Dan Ptak, Global VP of Marketing at Solstice | Kin + Carta, led The CMO Club virtual roundtable, Professional Services – How Do You Differentiate in Highly Commoditized Marketing, where he said brands can use substance, style and tactics to differentiate themselves.
Brands must lead with their beliefs – their “why,” Ptak said.
“This is the most critical thing we need to nail as marketers,” he said.
While it can be tempting to talk about the nuts and bolts, and frameworks, Ptak said it’s important to take a step back and lead with that “why” and our core beliefs.
Tony Kempa, Managing Director, head of marketing, business development, and brand
at ESD, shared his experience during the roundtable, having started the process about five years ago of discovering their “why,” and in the time since, examining what connects ESD’s people to its clients.
“You have to hear what your clients are saying, what’s resonating with them, and look at what you offer in value,” Kempa said. “Then be able to internally get people to understand that and articulate that value to their clients as well.”
It’s also important to be client-centric, rather than company-centric, Ptak said. Replace “we” with “you” in talking about client services.
Ptak said success in this part of the process can often be attributed to the creativity of the strategist or planner that’s working on it.
“We need to be pushing ourselves to make sure that we’re injecting creativity in this phase in the process,” he said.
Once you feel you have a strong “why” and brand essence, or truly have an offering or capability that’s different from the market, the next phase is about thinking creatively with your creative directors, art directors, etc, Ptak said.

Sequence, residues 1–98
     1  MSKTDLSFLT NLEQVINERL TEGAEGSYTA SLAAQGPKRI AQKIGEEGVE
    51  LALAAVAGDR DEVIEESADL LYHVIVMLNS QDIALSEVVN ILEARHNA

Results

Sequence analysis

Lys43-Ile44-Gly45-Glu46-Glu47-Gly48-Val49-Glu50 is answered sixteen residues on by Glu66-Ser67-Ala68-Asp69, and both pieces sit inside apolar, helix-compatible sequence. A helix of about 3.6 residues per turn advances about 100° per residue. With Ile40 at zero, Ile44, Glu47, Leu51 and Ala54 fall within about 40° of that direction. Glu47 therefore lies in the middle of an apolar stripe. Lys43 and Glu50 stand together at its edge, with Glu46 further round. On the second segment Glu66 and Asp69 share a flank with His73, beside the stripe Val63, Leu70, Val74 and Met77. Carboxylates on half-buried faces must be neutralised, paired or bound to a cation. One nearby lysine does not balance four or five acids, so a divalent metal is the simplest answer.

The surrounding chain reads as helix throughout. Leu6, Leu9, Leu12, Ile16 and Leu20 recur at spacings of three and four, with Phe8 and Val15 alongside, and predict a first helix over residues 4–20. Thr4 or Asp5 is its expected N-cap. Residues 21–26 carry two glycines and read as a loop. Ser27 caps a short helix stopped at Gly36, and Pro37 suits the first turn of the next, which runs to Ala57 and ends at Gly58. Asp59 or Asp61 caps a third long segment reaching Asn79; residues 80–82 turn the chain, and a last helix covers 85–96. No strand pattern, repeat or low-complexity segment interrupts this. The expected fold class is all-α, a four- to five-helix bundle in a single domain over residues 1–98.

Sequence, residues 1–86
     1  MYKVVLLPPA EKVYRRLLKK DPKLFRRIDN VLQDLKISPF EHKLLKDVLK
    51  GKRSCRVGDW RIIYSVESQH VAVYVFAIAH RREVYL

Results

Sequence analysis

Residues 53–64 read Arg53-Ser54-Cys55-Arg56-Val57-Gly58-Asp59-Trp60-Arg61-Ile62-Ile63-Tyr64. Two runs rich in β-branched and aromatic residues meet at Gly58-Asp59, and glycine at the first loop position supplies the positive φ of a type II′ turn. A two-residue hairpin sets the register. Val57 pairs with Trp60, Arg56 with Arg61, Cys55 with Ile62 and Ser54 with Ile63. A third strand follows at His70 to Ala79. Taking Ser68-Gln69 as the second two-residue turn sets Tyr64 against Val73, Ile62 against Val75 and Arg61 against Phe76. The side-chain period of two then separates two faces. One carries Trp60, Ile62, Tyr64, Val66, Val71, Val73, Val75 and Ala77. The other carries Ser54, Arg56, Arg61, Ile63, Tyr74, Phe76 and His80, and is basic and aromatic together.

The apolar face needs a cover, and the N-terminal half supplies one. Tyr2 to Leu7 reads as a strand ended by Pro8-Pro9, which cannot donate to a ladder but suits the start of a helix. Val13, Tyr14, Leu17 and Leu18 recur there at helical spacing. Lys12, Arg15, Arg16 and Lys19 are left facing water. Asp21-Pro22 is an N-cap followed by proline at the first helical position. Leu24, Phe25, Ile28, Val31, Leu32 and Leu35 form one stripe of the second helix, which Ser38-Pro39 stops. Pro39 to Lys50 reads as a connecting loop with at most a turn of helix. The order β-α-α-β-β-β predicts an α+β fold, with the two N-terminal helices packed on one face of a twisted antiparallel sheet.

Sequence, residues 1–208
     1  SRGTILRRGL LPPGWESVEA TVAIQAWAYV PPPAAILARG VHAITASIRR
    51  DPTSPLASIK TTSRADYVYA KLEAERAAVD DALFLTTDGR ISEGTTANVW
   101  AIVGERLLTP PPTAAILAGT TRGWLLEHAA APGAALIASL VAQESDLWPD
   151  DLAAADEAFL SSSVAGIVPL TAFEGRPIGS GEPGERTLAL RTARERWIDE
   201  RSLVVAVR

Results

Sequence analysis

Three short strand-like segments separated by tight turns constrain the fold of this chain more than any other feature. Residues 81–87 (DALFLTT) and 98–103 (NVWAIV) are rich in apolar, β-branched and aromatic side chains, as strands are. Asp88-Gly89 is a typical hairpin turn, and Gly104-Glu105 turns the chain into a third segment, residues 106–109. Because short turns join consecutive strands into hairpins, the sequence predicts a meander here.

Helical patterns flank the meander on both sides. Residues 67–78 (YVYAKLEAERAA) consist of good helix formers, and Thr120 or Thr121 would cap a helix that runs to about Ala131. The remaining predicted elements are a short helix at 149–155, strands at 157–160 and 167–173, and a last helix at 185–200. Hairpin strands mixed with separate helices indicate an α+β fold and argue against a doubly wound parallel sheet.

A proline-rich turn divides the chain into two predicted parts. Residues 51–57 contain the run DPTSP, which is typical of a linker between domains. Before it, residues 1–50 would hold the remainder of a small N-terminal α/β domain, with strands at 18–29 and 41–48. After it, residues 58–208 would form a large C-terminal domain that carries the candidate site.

“We’re a small challenger brand, and we need to act like that – be bold and brash,” Ptak said of Solstice. “These brands are very much a reflection of us and our personalities as marketers.”
If that creativity isn’t in the bones of the organization, we can wrestle with this piece, he said. It has to feel authentic, but also has to look different, sound different and stand out.
“It’s really about knowing our personas,” he said. “We need to go do our homework before we can put this out there.”
Finally, Ptak discussed differentiating through tactics and execution.“You either are the news or you’re making the news,” Ptak said.
Solstice is always engaged in conversations about what they’re doing, or what they’re launching, he said. This can be critical to persuasion.
At the same time, leverage your “halo effect” from events, campaigns, people, offerings, clients, wins, and headlines.
Ptak compared two types of marketing, the “peanut butter effect” where efforts are spread evenly, versus the “lightning strike,” choosing a few events each year and going all in for the halo effect.
Lisa Kaplan, Vice President Marketing & Strategy at M. Holland Company, shared her organization’s experience with the halo effect.
When the organization re-branded in 2018, they had a big internal launch, external launch and press launch, using several events together to create a bigger impact.
“We also created an engagement that persisted long after the September launch that occurred,” Kaplan said. “It was really successful.”
Ptak agreed, sharing that Solstice pours its effort into its one big annual event.
“That enables us to have more conversations in the next six months than investing that same amount in five different events,” he said.